I have seen The great Orion, with his jewelled belt, That large-limbed warrior of the skies, go down Into the gloom.
Beside him sank a crowd Of shining ones.
I look in vain to find The group of sister-stars, which mothers love To show their wondering babes, the gentle Seven.
Along the desert space mine eyes in vain Seek the resplendent cressets which the Twins Uplifted in their ever-youthful hands.
The streaming tresses of the Egyptian Queen Spangle the heavens no more.
The Virgin trails No more her glittering garments through the blue.
Gone! all are gone! and the forsaken Night, With all her winds, in all her dreary wastes, Sighs that they shine upon her face no more.
No only here and there a little star Looks forth alone.
Ah me! I know them not, Those dim successors of the numberless host That filled the heavenly fields, and flung to earth Their guivering fires.
And now the middle watch Betwixt the eve and morn is past, and still The darkness gains upon the sky, and still It closes round my way.
Shall, then, the Night, Grow starless in her later hours? Have these No train of flaming watchers, that shall mark Their coming and farewell? O Sons of Light! Have ye then left me ere the dawn of day To grope along my journey sad and faint? Thus I complained, and from the darkness round A voice replied--was it indeed a voice, Or seeming accents of a waking dream Heard by the inner ear? But thus it said: O Traveller of the Night! thine eyes are dim With watching; and the mists, that chill the vale Down which thy feet are passing, hide from view The ever-burning stars.
It is thy sight That is so dark, and not the heaens.
Thine eyes, Were they but clear, would see a fiery host Above thee; Hercules, with flashing mace, The Lyre with silver cords, the Swan uppoised On gleaming wings, the Dolphin gliding on With glistening scales, and that poetic steed, With beamy mane, whose hoof struck out from earth The fount of Hippocrene, and many more, Fair clustered splendors, with whose rays the Night Shall close her march in glory, ere she yield, To the young Day, the great earth steeped in dew.
So spake the monitor, and I perceived How vain were my repinings, and my thought Went backward to the vanished years and all The good and great who came and passed with them, And knew that ever would the years to come Bring with them, in their course, the good and great, Lights of the world, though, to my clouded sight, Their rays might seem but dim, or reach me not.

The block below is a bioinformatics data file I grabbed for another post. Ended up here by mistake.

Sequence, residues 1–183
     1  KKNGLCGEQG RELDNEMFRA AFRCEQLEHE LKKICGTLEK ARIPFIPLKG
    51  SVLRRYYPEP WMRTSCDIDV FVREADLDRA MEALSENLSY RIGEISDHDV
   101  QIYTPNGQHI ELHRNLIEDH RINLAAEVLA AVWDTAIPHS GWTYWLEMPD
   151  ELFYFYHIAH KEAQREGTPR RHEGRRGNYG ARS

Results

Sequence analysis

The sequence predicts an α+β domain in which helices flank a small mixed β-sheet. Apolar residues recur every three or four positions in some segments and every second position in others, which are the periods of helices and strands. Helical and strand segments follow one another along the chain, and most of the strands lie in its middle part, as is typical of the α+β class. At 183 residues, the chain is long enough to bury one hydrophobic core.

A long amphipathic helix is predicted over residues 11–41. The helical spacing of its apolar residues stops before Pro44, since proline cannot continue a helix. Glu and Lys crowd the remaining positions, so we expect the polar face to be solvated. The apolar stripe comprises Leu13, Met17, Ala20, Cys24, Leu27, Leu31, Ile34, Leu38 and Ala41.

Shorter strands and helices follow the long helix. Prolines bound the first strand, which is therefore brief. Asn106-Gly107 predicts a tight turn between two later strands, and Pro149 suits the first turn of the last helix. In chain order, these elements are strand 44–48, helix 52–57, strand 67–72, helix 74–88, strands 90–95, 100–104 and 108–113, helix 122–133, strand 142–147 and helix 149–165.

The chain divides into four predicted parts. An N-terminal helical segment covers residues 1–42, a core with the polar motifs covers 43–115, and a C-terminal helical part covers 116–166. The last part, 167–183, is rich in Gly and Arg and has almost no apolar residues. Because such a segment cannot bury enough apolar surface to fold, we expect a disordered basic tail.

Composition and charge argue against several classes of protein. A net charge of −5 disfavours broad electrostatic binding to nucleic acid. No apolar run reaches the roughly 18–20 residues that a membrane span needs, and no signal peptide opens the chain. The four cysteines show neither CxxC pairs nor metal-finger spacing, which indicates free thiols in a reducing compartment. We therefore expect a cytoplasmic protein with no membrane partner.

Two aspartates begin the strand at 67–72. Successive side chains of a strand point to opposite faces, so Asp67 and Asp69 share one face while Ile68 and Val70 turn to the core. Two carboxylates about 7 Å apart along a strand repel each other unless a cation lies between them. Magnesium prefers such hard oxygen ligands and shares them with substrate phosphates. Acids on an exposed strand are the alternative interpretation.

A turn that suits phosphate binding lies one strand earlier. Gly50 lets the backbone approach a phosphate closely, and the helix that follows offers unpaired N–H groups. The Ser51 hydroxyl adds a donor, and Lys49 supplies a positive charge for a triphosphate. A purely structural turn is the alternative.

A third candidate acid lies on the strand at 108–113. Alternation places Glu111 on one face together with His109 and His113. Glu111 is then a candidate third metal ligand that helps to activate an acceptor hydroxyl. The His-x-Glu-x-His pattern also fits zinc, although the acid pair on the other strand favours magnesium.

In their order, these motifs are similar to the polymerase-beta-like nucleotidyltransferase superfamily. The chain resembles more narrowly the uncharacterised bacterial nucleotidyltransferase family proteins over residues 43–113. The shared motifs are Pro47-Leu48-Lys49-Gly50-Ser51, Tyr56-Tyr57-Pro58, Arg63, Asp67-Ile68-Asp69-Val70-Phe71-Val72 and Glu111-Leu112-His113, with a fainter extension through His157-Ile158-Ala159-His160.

Written by Alec Derwent (A D) Hope | |

Observation Car

 To be put on the train and kissed and given my ticket, 
Then the station slid backward, the shops and the neon lighting, 
Reeling off in a drunken blur, with a whole pound note in my pocket 
And the holiday packed with Perhaps.
It used to be very exciting.
The present and past were enough.
I did not mind having my back To the engine.
I sat like a spider and spun Time backward out of my guts - or rather my eyes - and the track Was a Now dwindling off to oblivion.
I thought it was fun: The telegraph poles slithered up in a sudden crescendo As we sliced the hill and scattered its grazing sheep; The days were a wheeling delirium that led without end to Nights when we plunged into roaring tunnels of sleep.
But now I am tired of the train.
I have learned that one tree Is much like another, one hill the dead spit of the next I have seen tailing off behind all the various types of country Like a clock running down.
I am bored and a little perplexed; And weak with the effort of endless evacuation Of the long monotonous Now, the repetitive, tidy Officialdom of each siding, of each little station Labelled Monday, Tuesday - and goodness ! what happened to - Friday ? And the maddening way the other passengers alter: The schoolgirl who goes to the Ladies' comes back to her seat A lollipop blonde who leads you on to assault her, And you've just got her skirts round her waist and her pants round her feet When you find yourself fumbling about the nightmare knees Of a pink hippopotamus with a permanent wave Who sends you for sandwiches and a couple of teas, But by then she has whiskers, no teeth and one foot in the grave.
I have lost my faith that the ticket tells where we are going.
There are rumours the driver is mad - we are all being trucked To the abattoirs somewhere - the signals are jammed and unknowing We aim through the night full speed at a wrecked viaduct.
But I do not believe them.
The future is rumour and drivel; Only the past is assured.
From the observation car I stand looking back and watching the landscape shrivel, Wondering where we are going and just where the hell we are, Remembering how I planned to break the journey, to drive My own car one day, to have choice in my hands and my foot upon power, To see through the trumpet throat of vertiginous perspective My urgent Now explode continually into flower, To be the Eater of Time, a poet and not that sly Anus of mind the historian.